The presets are (along with rough CPU usage for the transcode on a 2Ghz Athlon XP+):

DVD Quality (720x480): This uses a default video bitrate of 4192. Approx: 80% of CPU during transcode.
SVCD Quality (480x480): This uses a default video bitrate of 2788. Approx: 40% of CPU during transcode.
VCD Quality (352x288): This uses a default video bitrate of 1152. Approx: 20% of CPU during transcode.
None: Sets up a basic transcode with no options, expecting you to have set them at the VLC end (for experienced VLC users only)

This option can also be set on the mvpmc command line by passing --vlc-vopts dvd | svcd | vcd | none

Video Bitrate:

This option allows you to override the default video bitrate selected by the preset. Setting this value to 0 tells mvpmc to use the default. For example, if you have a fast transcoding machine and wired network, feel free to use DVD quality and up the video bitrate to 8192 for maximum quality.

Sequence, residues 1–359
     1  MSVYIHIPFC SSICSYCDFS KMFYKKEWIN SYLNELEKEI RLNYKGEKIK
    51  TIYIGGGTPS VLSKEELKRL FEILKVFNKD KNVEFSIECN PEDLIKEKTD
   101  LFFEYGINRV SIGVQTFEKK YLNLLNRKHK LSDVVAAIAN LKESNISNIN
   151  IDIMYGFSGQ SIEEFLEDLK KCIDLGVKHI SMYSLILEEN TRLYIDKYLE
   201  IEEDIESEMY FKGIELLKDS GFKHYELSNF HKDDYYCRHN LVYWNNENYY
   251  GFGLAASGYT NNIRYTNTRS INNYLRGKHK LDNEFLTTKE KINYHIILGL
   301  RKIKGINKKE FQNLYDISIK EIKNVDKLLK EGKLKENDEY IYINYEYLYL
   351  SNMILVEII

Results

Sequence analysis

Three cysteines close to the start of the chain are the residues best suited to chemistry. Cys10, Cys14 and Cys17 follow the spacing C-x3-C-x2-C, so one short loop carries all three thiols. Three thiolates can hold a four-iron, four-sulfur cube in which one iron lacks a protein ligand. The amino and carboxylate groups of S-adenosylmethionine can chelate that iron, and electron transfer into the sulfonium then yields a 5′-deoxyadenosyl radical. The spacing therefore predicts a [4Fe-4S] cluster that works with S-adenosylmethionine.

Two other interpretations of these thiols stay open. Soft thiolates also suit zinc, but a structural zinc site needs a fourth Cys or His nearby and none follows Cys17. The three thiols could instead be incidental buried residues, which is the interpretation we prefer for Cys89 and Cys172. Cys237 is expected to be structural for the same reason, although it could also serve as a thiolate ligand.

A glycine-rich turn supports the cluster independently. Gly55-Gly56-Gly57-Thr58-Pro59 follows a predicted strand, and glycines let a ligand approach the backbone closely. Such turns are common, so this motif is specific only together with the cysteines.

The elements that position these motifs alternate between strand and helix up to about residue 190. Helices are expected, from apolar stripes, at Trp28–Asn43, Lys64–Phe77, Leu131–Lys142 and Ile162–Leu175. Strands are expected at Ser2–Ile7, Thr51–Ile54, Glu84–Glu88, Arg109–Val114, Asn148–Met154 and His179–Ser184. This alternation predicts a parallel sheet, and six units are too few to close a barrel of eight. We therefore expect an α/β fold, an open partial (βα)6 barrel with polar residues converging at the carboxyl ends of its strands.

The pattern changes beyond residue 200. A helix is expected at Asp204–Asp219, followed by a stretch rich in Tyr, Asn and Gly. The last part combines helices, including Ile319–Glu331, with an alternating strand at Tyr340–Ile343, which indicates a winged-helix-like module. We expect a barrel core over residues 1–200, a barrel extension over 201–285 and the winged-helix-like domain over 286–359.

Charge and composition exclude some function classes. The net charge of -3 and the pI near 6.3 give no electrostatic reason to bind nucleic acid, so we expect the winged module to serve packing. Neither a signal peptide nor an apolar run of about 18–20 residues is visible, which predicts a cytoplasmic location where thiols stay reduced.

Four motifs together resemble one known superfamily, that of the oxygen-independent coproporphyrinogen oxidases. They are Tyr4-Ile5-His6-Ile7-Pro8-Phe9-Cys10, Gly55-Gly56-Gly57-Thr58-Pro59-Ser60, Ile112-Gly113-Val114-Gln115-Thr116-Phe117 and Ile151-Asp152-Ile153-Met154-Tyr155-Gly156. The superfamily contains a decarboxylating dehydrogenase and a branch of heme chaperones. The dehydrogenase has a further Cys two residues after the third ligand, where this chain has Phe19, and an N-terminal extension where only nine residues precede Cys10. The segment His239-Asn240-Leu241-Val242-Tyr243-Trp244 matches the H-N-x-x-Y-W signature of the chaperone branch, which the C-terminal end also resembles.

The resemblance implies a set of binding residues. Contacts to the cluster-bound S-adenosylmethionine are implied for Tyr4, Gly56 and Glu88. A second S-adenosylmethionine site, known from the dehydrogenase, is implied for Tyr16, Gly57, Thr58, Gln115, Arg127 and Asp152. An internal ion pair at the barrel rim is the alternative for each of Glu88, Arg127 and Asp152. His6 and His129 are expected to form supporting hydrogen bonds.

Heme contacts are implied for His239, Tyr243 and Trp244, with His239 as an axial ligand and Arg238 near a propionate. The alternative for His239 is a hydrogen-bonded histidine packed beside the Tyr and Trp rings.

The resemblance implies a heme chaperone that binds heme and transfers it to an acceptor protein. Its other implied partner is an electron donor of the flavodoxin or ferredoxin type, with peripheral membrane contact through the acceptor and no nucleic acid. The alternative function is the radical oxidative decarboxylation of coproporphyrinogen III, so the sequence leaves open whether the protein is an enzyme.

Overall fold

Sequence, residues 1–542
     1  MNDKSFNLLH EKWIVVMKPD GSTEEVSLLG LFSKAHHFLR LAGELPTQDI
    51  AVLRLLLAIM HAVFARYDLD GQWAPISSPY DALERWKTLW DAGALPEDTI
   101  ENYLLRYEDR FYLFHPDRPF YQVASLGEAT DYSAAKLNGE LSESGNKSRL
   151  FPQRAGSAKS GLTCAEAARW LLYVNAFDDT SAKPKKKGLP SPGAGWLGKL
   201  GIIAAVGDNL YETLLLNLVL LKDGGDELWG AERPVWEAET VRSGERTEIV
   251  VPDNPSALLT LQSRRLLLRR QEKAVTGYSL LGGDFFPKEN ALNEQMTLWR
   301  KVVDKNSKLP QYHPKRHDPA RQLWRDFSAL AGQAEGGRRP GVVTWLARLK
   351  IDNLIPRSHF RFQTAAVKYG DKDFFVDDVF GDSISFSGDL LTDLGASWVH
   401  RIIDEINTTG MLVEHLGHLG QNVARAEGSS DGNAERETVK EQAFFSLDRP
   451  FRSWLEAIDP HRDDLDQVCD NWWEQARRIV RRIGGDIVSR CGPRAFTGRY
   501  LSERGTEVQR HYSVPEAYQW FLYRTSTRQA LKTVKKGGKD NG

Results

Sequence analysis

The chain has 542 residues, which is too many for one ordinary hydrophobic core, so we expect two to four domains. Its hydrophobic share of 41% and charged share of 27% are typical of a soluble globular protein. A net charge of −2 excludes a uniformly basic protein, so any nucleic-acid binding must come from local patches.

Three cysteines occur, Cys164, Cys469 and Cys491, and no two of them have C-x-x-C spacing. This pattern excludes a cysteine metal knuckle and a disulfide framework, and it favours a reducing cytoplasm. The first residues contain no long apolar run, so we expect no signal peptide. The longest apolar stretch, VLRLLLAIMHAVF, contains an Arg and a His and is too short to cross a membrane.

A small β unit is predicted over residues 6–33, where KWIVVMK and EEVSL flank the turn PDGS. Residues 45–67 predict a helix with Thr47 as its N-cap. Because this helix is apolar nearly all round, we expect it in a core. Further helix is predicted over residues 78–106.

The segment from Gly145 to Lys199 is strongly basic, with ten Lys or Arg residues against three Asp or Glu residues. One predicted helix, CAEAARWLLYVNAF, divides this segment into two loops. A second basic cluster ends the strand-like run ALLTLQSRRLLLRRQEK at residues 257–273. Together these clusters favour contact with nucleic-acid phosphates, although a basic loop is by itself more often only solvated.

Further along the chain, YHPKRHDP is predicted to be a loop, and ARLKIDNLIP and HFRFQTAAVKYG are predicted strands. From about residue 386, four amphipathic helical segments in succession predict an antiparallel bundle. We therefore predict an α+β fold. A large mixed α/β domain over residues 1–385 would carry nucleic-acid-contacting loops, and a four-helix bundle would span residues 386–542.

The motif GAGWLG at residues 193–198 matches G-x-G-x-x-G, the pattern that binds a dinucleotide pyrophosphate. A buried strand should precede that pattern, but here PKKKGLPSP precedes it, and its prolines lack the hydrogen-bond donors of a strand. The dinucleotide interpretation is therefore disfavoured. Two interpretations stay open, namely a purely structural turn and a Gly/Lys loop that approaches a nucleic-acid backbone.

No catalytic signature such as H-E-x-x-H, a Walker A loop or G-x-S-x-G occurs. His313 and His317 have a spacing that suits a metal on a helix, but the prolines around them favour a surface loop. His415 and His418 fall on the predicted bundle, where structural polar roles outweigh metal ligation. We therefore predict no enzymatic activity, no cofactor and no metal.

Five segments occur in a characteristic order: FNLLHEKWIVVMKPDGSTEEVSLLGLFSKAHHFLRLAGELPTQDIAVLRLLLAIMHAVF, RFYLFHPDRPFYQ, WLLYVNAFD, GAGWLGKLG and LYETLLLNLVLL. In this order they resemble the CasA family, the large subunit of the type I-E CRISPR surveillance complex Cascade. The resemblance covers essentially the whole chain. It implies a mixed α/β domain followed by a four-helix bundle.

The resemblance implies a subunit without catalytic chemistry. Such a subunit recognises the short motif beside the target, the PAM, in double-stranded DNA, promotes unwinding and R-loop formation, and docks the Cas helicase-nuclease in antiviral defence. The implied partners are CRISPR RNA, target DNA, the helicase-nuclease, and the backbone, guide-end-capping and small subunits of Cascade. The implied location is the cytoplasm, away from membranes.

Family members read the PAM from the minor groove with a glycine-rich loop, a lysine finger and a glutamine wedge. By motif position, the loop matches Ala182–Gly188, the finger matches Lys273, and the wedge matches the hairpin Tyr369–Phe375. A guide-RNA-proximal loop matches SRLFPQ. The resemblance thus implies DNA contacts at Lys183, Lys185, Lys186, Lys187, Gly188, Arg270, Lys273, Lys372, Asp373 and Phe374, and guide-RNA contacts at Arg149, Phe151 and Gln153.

Command line: --vlc-vb [bitrate]

Audio Transcoding:

Here, you can choose the encoding format for transcoded audio (MP3 or FLAC). Note that this ONLY applies to audio streams and sound files - video files will always use MP3 audio for the transcode.

This option was added for future expansion as libFLAC is planned to be included with mvpmc, however only MP3 currently works.

Command line: --vlc-aopts mp3 | flac

Audio Bitrate:

You can override the audio bitrate used for transcoding here (if you don't, the default is 192). Until libFLAC is fully supported, you can at least transcode to 320 for the least loss possible.

Command line: --vlc-ab [bitrate]

Additional Audio Formats Using Mplayer:

NOTE: MPlayer is not required for video streams.